A decade after being destroyed by the Taliban, Pakistan’s only ski resort is attempting a miraculous recovery. Christoph Schrahe straps on a set of very old skis and investigates the story of Malam Jabba.
We crawl up a narrow, mountain dirt track at a snail’s pace. Army jeeps escort our little convoy. Two guys with machine guns sit on the back. It’s certainly not your conventional journey to a ski resort.
The Taliban don’t rule the Swat Valley anymore, but that doesn’t mean that they have completely vanished. Though if I am to die here, I fear it is more likely to be at the hand of our imprudent driver, who keeps rearing the vehicle perilously close to the crumbling precipice.
I’m heading to Malam Jabba in the Hindu Kush mountain range as part of a small team aiming to provide consultation on the construction of a new ski resort, an ambitious project that takes on more significance given the area’s turbulent history.
I miraculously arrive at Malam Jabba hill station in one piece, and to my surprise find there is a lift operating.
The ‘lift’ consists of a single cable, from which a makeshift gondola dangles. The metallic carriage looks strikingly like the interior of a car; all eight passengers sit on faded felt chairs facing the same way, their heads press up against rectangular headrests. Powered by an old car engine, the haul rope touches the ground in the middle of the track, so anyone getting too close risks losing their head – even with no Taliban around.
Watching the cable car sway perilously in the wind, it’s hard to imagine Malam Jabba as a thriving ski spot, but it once was.
The Swat Valley thawed into a prominent tourist destination towards the end of the 1990s, a luxurious hotel was erected and tourists flocked to admire the views and escape the prickling city heat.
Skiing took off not long after, with competitions held for blossoming professionals. A ski school opened in 2005 that helped amateur locals and domestic tourists take their first shaky slides on the slopes.
But in 2006, resort life came to a crashing halt. Taliban rebels attacked and seized control of the area, banning all ‘un-Islamic’ activities, including skiing. The radical group tore down the existing lift (a gift from the Austrian government) and torched the resort’s only hotel.
Itching to get out on the snow, I join a group of domestic tourists heading up the slope on foot, perhaps wisely opting against a ride on the rickety lift.
When we reach the first snowdrift I pause to watch some of the visitors stuff snow into plastic bags in order to transport it down to the valley, while others begin sliding on jackets, tarpaulin, anything they can get their hands on.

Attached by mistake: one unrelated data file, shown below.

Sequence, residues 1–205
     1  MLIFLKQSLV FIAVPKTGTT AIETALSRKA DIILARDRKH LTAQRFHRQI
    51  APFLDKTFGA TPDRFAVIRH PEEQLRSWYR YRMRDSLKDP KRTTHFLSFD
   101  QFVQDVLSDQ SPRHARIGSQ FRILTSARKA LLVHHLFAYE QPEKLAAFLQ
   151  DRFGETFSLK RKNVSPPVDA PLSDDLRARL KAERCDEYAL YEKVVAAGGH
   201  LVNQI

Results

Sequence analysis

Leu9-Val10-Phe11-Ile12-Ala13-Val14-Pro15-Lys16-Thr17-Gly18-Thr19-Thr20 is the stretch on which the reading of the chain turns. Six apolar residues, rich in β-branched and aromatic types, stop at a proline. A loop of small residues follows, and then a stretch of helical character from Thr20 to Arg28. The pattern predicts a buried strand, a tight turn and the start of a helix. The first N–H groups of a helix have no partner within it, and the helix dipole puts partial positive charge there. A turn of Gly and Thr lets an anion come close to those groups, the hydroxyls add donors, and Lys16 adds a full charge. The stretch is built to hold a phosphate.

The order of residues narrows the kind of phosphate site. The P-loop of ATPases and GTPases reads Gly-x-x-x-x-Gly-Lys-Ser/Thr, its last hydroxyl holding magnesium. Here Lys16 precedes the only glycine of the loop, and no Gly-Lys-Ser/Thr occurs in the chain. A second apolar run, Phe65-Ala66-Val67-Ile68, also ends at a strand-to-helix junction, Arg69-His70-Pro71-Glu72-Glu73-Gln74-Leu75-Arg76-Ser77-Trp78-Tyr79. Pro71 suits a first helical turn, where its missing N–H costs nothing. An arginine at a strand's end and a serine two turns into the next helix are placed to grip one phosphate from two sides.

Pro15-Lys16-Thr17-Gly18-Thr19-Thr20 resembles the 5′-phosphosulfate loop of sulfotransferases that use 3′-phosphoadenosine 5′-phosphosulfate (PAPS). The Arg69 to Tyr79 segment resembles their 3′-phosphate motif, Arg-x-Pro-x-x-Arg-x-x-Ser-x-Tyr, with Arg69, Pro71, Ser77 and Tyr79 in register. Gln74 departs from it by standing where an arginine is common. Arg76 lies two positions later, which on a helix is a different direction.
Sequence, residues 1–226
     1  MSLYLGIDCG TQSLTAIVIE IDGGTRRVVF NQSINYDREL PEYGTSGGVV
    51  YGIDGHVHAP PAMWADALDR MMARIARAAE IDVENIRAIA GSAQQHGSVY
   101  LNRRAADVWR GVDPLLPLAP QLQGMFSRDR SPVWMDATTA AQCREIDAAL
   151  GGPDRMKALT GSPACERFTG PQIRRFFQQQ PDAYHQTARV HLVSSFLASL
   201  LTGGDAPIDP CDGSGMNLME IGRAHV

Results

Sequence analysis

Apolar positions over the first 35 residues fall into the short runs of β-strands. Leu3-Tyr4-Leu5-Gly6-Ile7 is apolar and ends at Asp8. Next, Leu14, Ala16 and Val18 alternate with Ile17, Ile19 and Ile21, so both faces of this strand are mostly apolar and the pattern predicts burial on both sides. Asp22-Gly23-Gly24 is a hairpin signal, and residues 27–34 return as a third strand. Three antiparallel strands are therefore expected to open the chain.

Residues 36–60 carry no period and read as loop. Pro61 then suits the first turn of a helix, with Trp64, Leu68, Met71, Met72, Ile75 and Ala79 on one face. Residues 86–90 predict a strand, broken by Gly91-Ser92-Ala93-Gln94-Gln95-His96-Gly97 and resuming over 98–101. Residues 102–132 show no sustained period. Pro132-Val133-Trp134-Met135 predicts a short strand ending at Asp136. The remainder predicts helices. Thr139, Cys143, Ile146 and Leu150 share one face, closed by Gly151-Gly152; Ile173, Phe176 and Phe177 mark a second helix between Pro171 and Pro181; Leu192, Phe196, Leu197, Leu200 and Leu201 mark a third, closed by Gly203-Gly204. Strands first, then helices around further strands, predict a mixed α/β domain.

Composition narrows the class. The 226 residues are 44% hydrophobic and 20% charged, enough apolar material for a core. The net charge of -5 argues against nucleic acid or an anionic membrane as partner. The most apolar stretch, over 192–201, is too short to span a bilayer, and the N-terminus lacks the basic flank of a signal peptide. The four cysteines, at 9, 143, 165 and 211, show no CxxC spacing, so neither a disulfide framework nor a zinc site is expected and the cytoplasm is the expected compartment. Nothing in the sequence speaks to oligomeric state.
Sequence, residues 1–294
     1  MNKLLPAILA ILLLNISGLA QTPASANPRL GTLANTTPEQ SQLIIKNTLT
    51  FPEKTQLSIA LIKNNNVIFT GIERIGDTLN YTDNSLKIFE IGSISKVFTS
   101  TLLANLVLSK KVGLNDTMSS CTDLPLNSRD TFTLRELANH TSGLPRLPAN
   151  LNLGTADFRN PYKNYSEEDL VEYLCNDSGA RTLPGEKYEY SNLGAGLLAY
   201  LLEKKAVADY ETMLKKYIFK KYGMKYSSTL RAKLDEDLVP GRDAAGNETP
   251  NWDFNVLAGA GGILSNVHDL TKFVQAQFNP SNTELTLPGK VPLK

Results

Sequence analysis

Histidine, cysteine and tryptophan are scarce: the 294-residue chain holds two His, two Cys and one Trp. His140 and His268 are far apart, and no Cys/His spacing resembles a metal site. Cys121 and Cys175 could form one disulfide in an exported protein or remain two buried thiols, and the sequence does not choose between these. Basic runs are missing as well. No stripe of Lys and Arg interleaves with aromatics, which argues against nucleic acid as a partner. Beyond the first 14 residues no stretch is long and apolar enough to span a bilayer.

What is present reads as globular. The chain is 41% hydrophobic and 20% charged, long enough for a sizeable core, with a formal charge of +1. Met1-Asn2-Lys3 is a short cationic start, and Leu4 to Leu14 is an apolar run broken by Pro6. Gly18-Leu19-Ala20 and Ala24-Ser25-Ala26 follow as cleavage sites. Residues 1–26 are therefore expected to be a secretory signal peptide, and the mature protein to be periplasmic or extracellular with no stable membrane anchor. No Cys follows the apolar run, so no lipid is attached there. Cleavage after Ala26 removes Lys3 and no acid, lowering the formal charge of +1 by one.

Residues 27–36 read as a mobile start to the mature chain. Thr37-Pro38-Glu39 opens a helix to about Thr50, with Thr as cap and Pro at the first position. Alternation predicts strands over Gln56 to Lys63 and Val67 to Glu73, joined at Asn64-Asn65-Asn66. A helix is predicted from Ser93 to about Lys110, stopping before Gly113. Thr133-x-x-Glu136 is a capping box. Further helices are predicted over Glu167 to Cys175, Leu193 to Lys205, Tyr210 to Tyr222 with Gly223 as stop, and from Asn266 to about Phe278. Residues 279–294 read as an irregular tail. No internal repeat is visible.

At the summit, a group of local guys wave me over, and to my surprise, present me with a pair of white rear-entry boots.
They’re wet inside, but who cares when it comes to the chance to do some turns in the Hindu Kush?
The skis are long, narrow and with no spring left in them. The bindings are defunct, but with the aid of the friendly rental guy I manage to attach the boots to the skis.
However, after a short 150m (490ft) run, one ski comes clean off and is sent careering down the hill. The rental guys frantically bundle down behind it; after all these decrepit skis provide a source of income for an entire family. I breathe a sigh of relief when the ski is safely recovered.
The Swat Valley, especially the small villages sprawling across the steep slopes above it, is a poor region but its people are fiercely resilient. This is the valley that produced Malala Yousafzai, the youngest ever Nobel Prize laureate who was shot by the Taliban for demanding the right to an education.
Most locals are very proud of her, and they are also in favour of the redevelopment of the resort. It represents defiance against extremism and promises jobs for locals.
Though the redevelopment project is, somewhat dubiously, headed by Khyber Tobacco LTD, the company has also pledged to build a much-needed hospital and a school for girls.
When completed (purportedly by autumn 2016) the resort itself shall feature a 4-star hotel, chalets and a chairlift to the ridge that offers a stunning view of Nanga Parbat.
After my brief cameo on the slopes, I’m informed that our original plans to stay in Saidu Sharif, the closest existing hotel to Malam Jabba, are being altered as Colonel Muhammad Aamir, our security officer, considers it too dangerous to have a group of foreigners all under one roof.
As the sun dips behind the Kush our jeep pulls up at a low-key guesthouse on the mountain.
I’m shown to my basic room and clamber into bed exhausted. A machine gun is leaning on the wall next to my bed.
“Just in case”, states Mr Aamir, as he goes to shut my door, “but we also have two armed soldiers in front of your room’s door, so don’t worry.”
Unfortunately I do worry.
I sink down into my warm duvet and push away fears that, despite a clear appetite for the sport, it will be a long time until conventional skiing returns to the Swat Valley.
NEED TO KNOW
Flights from London to Islamabad start at £550 return with Kuwait Airways, Etihad, Turkish Airlines and Emirates airlines. Permits to enter the Swat region should be obtained at the Pakistan embassy. However, the Foreign and Commonwealth Office (FCO) advise against all travel to Swat region. Foreign visitors are required to travel with an armed escort.
The current lift has a mere 80m (260ft) vertical; the cost for the ride is PKR100 (roughly 80 pence). The ski season lasts from late December until March.
Where to stay
The Swat Serena hotel (tel: +92 946 711 637;www.serenahotels.com) at Saidu Sharif, 44km (27 miles) from Malam Jabba, offers 49 rooms and suites, Wi-Fi internet access, central heating, flatscreen TVs with international channels and several restaurants.